Whatever it was that made me look like a college student, that question by a stranger just made my day =o)

Sunday, April 24, 2005

IMBB 14: Orange

At the same time that I found out about the Sugar High Friday, I discovered the subject for the IMBB: Orange. After my disappointing attempt at the molasses themed SHF, I was determined to redeem myself somehow. I have to prove that I can make desserts outside of my own kitchen too, without the plethora of fancy kitchen tools at my beck and call. So it was decided that I shall make a dessert for this edition of the IMBB.

The host for this IMBB at Foodgoat says that orange does not necessarily mean orange, that the ingredient just has to be orange in color. Then she mentioned sweet potato. At the thoughts of sweet potatoes, my bleary jet-lagged eyes came to life. I love orange-fleshed sweet potatoes, but somehow in Tokyo the most common type is light yellow in color. They taste great, but I miss the color. Now that I am in the States, I have access to orange colored sweet potatoes. A perfect chance to make something with them!

A short search on the internet later, I hit the jackpot when I came upon a recipe for Sweet Potato Oranges : a variation of the sweet potato pie in that the pie shells are oranges!

· 6 oranges
· 3 cups cooked, mashed sweet potatoes
· 1 cup white sugar
· 1/4 cup orange juice
· 2 eggs, lightly beaten
· 1 teaspoon vanilla extract
· 1 cup butter, softened, divided
· 1 tablespoon grated orange peel
· 1 cup brown sugar
· 1/2 teaspoon all-purpose flour
· 1 cup chopped pecans

1. Preheat oven to 350 degrees F (175 degrees C).
2. Prepare oranges by cutting tops off, 1/4 to 1/2 inch down. Spoon out the flesh, leaving a shell.
3. In a large bowl combine sweet potatoes, sugar, orange juice, eggs, vanilla extract, 1/2 cup butter and grated orange peel. Spoon mixture into orange shells. Place in a deep casserole dish.
4. In a small saucepan over medium heat, combine remaining 1/2 cup butter, brown sugar, flour and pecans. Cook until sugar dissolves in melted butter. Spoon over oranges. Fill casserole dish with water to reach 1/2 inch in depth.
5. Bake in preheated oven for 30 minutes.

I took a reviewer’s advice and instead of just cutting off the top of the oranges, I cut the oranges in half so it was easier to scoop out the flesh. I also wrapped the oranges in foil to preserve the flavor. Besides the messy process of getting the flesh out of the oranges with my bare hands, the rest was really easy, including mashing the sweet potatoes with a fork (See? No fancy tools!)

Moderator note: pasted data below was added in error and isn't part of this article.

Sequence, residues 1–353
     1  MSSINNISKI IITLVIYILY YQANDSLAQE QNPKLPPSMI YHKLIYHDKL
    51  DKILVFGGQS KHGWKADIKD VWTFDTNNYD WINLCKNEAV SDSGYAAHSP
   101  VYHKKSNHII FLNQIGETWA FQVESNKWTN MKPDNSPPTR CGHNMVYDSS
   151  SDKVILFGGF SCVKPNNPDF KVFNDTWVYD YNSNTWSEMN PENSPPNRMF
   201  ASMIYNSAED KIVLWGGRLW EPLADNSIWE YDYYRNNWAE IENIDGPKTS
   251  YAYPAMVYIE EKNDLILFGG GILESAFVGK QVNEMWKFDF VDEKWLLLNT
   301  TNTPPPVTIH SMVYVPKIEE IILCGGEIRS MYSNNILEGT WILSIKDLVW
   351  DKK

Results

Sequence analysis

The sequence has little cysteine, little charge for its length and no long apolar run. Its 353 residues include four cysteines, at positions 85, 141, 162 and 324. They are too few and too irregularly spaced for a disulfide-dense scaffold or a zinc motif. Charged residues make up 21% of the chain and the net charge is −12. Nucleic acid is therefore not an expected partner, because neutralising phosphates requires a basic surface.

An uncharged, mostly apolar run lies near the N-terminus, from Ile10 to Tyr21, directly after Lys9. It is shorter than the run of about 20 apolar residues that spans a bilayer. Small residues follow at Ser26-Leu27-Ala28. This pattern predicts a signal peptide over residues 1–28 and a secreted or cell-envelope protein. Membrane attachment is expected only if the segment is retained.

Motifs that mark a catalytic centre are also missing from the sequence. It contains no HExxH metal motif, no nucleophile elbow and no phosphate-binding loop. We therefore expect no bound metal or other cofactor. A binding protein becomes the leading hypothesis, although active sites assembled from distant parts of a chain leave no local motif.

I have to say that this is by far the best sweet potato pie I’ve ever had. Sometimes a normal pie crust can feel heavy, especially after a fat laden dinner such as the Thanksgiving feast, of which the sweet potato pie is an integral part. From now on, I think I will serve these individual orange cups as dessert at my Thanksgiving dinner table. Oh, did I mention you could eat the orange cups too? The orange skin soaks up all the goodness that’s in the sweet potato and the pith adds the slightest hint of bitterness, which goes so well with all the flavors. Mmmm, I think I’m officially cleared of jetlags too. Three days, it’s a record! Must be the sweet potato oranges. Thanks, Ladygoat, for a wonderful IMBB!

Friday, April 22, 2005

SHF: Molasses – Indian Pudding

Extremely jetlagged after my seventeen-hour flight to my parents’ house in Virginia, I turned on the computer and read blogs to keep awake. And what do you know? It’s time for another Sugar High Friday. The theme is molasses, and it’s hosted by Derrick of An Obsession with Food . Then I realized that the deadline is this Friday, meaning I only had one day to think of what to make (relying on internet entirely, since I didn’t bring any of my cookbooks home), and to make it in alien territory (my mom hardly ever makes dessert and has a very chaotic way of organizing her things so ingredients are never where you’d expect them. Just now I found curry powder nestled among a variety of flour and sugar).

But molasses, how can I say no to molasses? It's one of those things that I loved when I was a kid in China but never learned its proper name until I'm an adult (I used to call it burned sugar or something to that effect). In fact, one of my favorite Japanese desserts is very soft mochi pieces coated in bean powder, eaten drenched in molasses. See, I would’ve loved to try to make that if I were back in my own kitchen in Tokyo, but here in Virginia, I wouldn’t know where to find half the ingredients. A quick survey of mom’s pantry later, I am resigned to the fact that besides vanilla extract and cinnamon powder, both of which I bought on my last trip home, there is not much in the dessert-making department. Simple has to do then, so I found this extremely easy recipe for Indian pudding on the internet . I’ve never heard of an Indian pudding before let alone eaten one, but I was instantly sold on the corn meal and molasses combination. Preparation was minimal so all there was left was waiting for it to cook for two hours in the oven.

While baking, it didn’t fill the house with any irresistible aroma and when I peaked inside the oven, it was as if an angry swamp was heaving up and down with each release of hot air. Hmmm, I wonder how it’s going to turn out.